How to Walk for PKD

Published March 3, 2020

The nation’s largest gathering of the PKD community is our signature fundraising and public awareness event, the Walk for PKD. Since 2000, the Walk has raised an inspiring $33 million, 100% of which goes to research. We spoke with Sue Full, our Senior Director of Community Fundraising, to learn more about these annual events.

PKD Foundation (PKDF): What would you like people to know about participating in a Walk?

Sue: Participants feel empowered because they’re funding research for PKD, and they know it will lead to advancements in disease management. They also express gratitude for the sense of community and understanding they receive. It’s motivating to see others are working hard to support their cause.

PKDF: If there is not a Walk currently in their city, can someone start a new walk?

Sue: Yes, if you are interested at starting a Walk in your area please email us and we will discuss the possibilities and the best way to get started.

PKDF: How does the Virtual Walk work?

Sue: The Virtual Walk is intended to be an option for participants who don’t have a Walk in their area. You can participate by logging miles on a treadmill or walking around your neighborhood while using our platform to fundraise for PKD.

You can also coordinate an event in your hometown that allows people to gather, walk, and fundraise.

The Virtual Walk allows you to participate anywhere, any way! If you need more ideas of how it can work for you, email us and our fundraising staff will be happy to help you.

PKDF: How does Walk for PKD fundraising support the Foundation’s vision to #endPKD?

Sue: 100% of donations to the Walk for PKD fund research.

PKDF: What is a Penny Kids Dash?

Sue: This is a very short run, typically held before the Walk begins, that allows kids a special way to join in the fun and help fundraise. Almost all Walks include a Penny Kids Dash. Check the event details for your local Walk for PKD.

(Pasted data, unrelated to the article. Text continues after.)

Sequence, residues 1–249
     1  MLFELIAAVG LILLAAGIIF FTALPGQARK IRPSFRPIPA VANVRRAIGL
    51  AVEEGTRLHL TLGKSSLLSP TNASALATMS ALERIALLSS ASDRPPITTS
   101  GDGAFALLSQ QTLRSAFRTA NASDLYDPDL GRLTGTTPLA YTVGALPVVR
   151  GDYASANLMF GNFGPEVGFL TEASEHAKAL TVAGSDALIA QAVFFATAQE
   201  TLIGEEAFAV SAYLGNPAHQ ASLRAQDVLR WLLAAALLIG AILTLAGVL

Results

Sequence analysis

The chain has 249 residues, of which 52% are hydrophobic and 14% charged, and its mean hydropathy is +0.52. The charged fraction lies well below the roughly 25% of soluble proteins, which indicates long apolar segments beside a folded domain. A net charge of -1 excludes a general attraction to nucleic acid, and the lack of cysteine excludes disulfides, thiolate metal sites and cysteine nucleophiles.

PKDF: How can children and schools get involved in a Walk?

Sue: Kids can fundraise with their class or school. We have seen some very successful penny wars and fundraising dashes held at school to support the Walk for PKD.

PKDF: Do you have any tips for walkers and volunteers to make participating in a Walk a success?


Tips for Walkers

  1. Invite your friends and family to join you. The benefits grow when you can share it with people you care about.
  2. Once you are registered for a Walk, you will have access to a personal fundraising page. Make sure to update it with your story and why PKD matters to you.
  3. Tell people you’re walking and ask for donations. People like to be included in things that are important to people they know.

Tips for Volunteers

  1. Connect with the lead volunteers in your area and stay in contact with them.
  2. Identify a way you can contribute that will be meaningful and matches the amount of time you can give.
  3. Share your ideas.

PKDF: How can help people make walking together an annual event?

Sue: Most of our events are typically on the same weekend each year. Many of our past participants have the date blocked on their calendars, and they can always contact us at the beginning of the year for planning purposes. Many families plan picnics or barbeques after the Walk for a day of celebration with family and friends.


How you can participate, too

To find a Walk for PKD event near you, visit and register today. Let friends, family, and coworkers know about your commitment to ending PKD by tagging photos and comments using the hashtags #WalkforPKD and #endPKD on social media. If there’s not currently a Walk for PKD event in your community, email us or join the Virtual Walk and help us raise money for critical PKD research.

1 Comment

  1. Candis Wheeler-LaManna

    I think it is a very, very wrong how the parameters for inclusion in the Walk are set up. I recently signed up myself, my husband, and my two granddaughters for the Connecticut walk. For my granddaughters, ages 4 and 2, I was asked for their email addresses and telephone numbers. Bad on your part. By the next day, the 2-year-old was receiving solicitation for participation in a study. So wrong and frankly got me quite mad. Don’t tell me the parameters can’t be reset, computers guru’s can. It’s something people who overlook these things didn’t overlook and really should! Yes, both my little granddaughters walked. Their grandma—me who has PKD and has been transplanted 11 years ago was not happy. Shame on you.


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